the urbanist: london

Don’t Leave London Without Trying These 8 Essential Dishes

The guards have to eat, too.

When it comes to food in the capital, fish and chips is the first thing that comes to mind for many travelers. While that is always worth seeking out, you can also eat up and down and around the world in this town. With this in mind, we asked a quartet of local food experts to give us the dish on their favorite dishes — some being British classics and the others unique to contemporary, cosmopolitan London.

The Classics

Potted shrimp, pickled cucumber, and toast at Great Queen Street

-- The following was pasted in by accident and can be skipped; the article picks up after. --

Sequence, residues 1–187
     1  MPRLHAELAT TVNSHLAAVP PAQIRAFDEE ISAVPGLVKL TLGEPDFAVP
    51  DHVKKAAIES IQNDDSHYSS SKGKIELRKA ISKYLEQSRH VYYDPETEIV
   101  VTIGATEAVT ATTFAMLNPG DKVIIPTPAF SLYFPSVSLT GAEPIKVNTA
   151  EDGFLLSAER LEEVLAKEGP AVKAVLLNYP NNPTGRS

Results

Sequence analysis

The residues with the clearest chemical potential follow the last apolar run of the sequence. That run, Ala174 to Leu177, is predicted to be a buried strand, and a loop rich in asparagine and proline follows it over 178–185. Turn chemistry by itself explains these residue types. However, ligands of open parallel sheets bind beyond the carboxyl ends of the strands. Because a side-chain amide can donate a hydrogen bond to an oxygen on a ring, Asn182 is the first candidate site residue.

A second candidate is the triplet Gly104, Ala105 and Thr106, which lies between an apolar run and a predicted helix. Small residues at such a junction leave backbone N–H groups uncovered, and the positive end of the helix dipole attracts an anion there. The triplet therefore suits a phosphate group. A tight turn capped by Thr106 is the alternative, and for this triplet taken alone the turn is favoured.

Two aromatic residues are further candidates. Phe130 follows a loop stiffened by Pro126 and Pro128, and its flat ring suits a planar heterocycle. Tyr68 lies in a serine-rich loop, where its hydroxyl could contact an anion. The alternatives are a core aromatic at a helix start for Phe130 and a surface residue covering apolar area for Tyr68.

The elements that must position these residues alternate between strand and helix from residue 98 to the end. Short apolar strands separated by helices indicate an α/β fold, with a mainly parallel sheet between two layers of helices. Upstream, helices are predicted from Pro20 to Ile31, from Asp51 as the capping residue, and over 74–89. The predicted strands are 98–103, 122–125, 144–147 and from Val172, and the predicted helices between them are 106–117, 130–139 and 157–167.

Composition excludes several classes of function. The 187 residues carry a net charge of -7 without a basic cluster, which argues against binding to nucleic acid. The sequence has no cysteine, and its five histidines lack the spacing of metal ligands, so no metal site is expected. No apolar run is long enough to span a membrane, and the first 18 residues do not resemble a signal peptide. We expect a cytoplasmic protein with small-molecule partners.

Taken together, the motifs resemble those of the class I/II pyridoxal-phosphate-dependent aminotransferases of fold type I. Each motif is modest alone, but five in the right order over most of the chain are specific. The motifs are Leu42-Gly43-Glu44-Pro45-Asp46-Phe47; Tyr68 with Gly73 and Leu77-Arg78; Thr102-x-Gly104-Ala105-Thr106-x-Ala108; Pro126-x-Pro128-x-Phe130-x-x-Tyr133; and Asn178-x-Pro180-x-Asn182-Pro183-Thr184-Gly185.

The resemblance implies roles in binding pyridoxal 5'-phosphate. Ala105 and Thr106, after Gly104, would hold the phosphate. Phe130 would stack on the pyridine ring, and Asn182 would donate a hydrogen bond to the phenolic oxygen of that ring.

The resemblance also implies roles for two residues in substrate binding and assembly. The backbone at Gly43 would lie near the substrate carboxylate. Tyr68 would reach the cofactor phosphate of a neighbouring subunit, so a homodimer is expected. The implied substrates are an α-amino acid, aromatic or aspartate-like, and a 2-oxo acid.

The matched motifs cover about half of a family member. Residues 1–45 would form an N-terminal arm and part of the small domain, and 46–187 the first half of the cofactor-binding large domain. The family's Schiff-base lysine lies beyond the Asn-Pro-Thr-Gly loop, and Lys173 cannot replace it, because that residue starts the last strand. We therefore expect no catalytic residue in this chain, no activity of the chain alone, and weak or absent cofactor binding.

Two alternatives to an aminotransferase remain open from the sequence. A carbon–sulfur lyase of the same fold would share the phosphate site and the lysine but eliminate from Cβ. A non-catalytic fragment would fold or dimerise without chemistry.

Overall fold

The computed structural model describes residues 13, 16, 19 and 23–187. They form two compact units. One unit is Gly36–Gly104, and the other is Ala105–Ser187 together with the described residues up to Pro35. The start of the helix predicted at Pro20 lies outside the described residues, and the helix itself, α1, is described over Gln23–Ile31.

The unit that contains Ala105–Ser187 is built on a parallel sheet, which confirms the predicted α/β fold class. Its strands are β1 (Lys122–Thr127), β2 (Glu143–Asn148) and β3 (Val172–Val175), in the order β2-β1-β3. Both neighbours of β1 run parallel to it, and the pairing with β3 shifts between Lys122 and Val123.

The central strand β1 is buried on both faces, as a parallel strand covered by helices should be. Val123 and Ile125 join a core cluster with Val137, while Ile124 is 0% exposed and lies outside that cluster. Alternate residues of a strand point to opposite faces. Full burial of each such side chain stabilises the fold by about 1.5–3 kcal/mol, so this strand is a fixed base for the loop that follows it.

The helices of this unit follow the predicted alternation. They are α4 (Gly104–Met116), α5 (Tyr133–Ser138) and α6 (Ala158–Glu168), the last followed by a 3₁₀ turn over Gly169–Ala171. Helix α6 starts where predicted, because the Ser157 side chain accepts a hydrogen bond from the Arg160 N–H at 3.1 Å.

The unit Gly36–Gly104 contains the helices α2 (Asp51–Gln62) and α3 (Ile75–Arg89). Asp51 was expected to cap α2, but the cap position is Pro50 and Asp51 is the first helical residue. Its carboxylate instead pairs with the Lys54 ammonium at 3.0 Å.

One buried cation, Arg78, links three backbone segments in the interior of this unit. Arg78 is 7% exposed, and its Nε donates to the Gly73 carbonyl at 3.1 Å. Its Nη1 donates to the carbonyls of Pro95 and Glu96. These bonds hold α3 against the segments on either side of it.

“While potting and pickling have been traditional ways of preserving perishable foods in Britain for centuries, this dish conjures up the summer and makes the best of British ingredients. It’s a real treat when it appears at Great Queen Street — a converted pub with scrubbed wooden tables and a simple interior, smack bang in the middle of Covent Garden. Thankfully the hoards tend to pass it by in favor of more familiar chains, so it retains the feeling of an intimate neighborhood restaurant. The menu changes with the seasons, and the last time I visited, my table of three didn’t leave a scrap. The pickled cucumber is a lip-puckering mixture of sweet and sour and, with thick slices of chewy, crusty sourdough, a perfect contrast to the nutmeg-seasoned buttery shrimp.” —Polly Russell, food historian and curator behind the British Library’s Food Season

Curry at Hoppers Soho